There was an increase in defended claims (up 5%) but a reduction in those going to trial, down by 2%. Overall, the total of 465,000 issued claims was well below the peak of 565,000 for the same period in 2017 but still well above the 328,000 issued in the same period in 2012.
These graphs relate specifically to personal injury:
New RTA Claims in August
August 2019 saw 55,764 new RTA claims submitted, down 9.1% on the adjusted figure for July 2019 and 4.4% on the August 2018 figure of 58,324. But it remains to be seen whether the August figure will be adjusted next month.
With 21 working days in August, two less than July, a drop would have been expected and whilst there is reduction in CNFs per day, when expressed in this way it is far less dramatic. The number of claims per day in August totals 2655 per day as opposed to the adjusted July figure of 2668.
The 12 month cumulative CNF figures show a very slight reduction over the last 18 months as follows:-
Interestingly our own data shows that the market share of the top 25 firms is declining over the last 12 months and being taken by "new kids on the block" – firms that have appeared handling personal injury claims for the first time. The share amounts to approximately 10,000 claims per annum so a not insignificant number.
New Casualty Claims in July
There were 4637 new PL CNF's submitted in August 2019, a not unexpected drop from the previous months adjusted figure of 5060, dropping 8.4%, it was also a drop of 5.2% on the comparative month in 2018. August 2019 was still the second highest month of the year however, since 4654 claims were submitted in January 2019. With cumulative totals falling over a rolling 12 month period for the last few years, a strong final few months might see a trend in the upwards direction:-
There were 3,498 new EL Accident claims submitted to the Portal in August 2019, a significant drop of 13.1% based on the previous month.
EL Disease dropped to 363 new claims, a drop of 16%. As we know however these claims tend to be higher value and complexity which are less suitable for the portal in the first instance.
Given the recent Lyle v Allianz strike out case for stagnation in the portal when the value of the claim was vastly in excess of the portal limit, claimant firms will be reluctant to start claims in the portal when they may encounter difficulty later in the process. Practitioners should note that the Claimant in the case of Cable v LV (which followed the principals of Lyle and struck out a £2million portal incubation case) is seeking permission to appeal so watch this space.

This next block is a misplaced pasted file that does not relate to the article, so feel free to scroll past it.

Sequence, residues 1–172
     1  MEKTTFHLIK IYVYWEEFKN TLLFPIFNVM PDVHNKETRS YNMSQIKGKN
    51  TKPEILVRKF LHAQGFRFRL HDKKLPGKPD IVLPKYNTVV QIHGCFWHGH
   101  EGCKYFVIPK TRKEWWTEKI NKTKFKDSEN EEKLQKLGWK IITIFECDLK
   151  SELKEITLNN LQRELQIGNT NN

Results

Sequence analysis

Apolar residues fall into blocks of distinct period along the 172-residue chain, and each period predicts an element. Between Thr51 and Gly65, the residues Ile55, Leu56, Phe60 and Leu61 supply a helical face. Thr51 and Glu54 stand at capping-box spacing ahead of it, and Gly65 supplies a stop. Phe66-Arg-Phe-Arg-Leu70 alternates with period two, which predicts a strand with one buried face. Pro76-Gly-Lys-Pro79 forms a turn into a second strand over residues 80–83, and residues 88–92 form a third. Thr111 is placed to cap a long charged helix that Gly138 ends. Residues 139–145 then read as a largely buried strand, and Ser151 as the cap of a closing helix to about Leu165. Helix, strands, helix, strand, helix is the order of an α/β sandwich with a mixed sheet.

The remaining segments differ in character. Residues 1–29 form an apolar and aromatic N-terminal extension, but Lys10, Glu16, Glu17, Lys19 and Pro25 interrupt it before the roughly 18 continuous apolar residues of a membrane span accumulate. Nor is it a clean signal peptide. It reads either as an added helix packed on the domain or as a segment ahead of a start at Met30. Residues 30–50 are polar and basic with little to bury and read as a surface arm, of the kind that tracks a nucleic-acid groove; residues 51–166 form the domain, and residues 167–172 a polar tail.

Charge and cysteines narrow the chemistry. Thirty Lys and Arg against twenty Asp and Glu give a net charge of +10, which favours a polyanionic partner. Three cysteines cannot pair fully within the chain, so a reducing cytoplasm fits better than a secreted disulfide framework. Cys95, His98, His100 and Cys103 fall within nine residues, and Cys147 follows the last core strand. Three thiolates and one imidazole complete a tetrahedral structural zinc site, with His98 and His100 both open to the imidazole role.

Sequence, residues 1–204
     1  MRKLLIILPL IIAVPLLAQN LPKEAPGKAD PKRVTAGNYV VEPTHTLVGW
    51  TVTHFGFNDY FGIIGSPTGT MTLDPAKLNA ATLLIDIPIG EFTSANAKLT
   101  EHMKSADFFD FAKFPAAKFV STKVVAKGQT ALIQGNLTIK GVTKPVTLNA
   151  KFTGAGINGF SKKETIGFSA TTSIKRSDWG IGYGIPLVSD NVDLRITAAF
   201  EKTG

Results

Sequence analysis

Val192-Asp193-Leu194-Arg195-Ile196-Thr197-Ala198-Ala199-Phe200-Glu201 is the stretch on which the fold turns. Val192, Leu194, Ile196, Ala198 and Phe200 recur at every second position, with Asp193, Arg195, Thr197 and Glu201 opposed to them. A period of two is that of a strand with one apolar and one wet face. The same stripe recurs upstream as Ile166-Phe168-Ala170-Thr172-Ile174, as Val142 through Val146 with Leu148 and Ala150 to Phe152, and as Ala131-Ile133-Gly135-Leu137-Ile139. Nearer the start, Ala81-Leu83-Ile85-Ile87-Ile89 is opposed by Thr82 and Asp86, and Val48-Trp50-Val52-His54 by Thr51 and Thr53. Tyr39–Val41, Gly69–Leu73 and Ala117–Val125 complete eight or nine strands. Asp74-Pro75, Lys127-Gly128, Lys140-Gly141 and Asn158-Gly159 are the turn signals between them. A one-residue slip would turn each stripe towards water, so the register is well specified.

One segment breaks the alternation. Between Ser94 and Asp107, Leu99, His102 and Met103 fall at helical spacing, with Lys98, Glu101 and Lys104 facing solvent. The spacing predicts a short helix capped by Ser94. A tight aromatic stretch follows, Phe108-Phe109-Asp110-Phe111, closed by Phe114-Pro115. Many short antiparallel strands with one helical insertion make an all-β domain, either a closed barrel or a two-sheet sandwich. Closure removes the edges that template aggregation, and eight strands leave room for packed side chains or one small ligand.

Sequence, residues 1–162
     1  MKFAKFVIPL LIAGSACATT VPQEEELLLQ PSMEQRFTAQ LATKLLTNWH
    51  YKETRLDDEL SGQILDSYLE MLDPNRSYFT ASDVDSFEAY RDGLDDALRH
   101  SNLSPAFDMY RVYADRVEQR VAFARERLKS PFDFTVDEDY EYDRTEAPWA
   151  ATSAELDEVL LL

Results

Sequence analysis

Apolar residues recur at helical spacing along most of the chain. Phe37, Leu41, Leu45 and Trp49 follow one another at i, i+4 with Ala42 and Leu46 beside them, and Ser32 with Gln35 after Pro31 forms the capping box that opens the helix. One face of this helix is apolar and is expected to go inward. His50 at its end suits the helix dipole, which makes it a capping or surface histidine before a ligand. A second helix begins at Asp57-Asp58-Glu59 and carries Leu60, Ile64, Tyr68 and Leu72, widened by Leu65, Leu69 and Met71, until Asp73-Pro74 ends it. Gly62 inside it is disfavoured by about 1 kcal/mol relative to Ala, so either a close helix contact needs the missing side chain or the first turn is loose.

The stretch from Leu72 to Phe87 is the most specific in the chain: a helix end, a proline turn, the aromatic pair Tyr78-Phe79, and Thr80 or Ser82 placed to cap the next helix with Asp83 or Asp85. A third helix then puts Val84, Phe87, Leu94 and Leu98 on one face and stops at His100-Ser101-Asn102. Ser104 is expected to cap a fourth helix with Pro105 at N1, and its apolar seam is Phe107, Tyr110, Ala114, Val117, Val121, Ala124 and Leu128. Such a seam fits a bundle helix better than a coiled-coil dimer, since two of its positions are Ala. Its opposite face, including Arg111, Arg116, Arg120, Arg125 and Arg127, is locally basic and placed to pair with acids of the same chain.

Stage 3 Usage and PSLA
PSLA increased slightly to £2826 from £2,818 the month before so still pretty static. We believe significant movement is unlikely until the new JC Guidelines come into existence. It had been thought that the new guidelines would be delayed so that the confirmed tariff figures might be inserted. However a provisional publication date of 15th November 2019 has been provided so it appears the JCG editorial board will be proceeding without reference to the new tariff.
The number of claims where a Court Proceedings Pack has been prepared dropped back from the significant increase last month to a more predictable 5663 for RTA claims, a slight drop on the same period the previous year.
It is obvious from the Portal figures supplied that a great many EL/PL cases drop out of the portal process compared to the RTA figures. The figures suggest roughly 1 in 10 RTA cases submitted end up with a Stage 3 pack being submitted, compared to 1 in 40 EL cases. This cannot just be because settlement rates within the portal are better for RTA cases, it must indicate cases dropping out for complexity or insurers wishing to drop cases out for further investigation.
Retention rates rose for RTA cases during August and also EL accident and PL. There was a slight drop off for EL disease but nothing significant.
For more information please contact Nigel Teasdale, Partner M+44 (0)7752 709 114 Nigel.firstname.lastname@example.org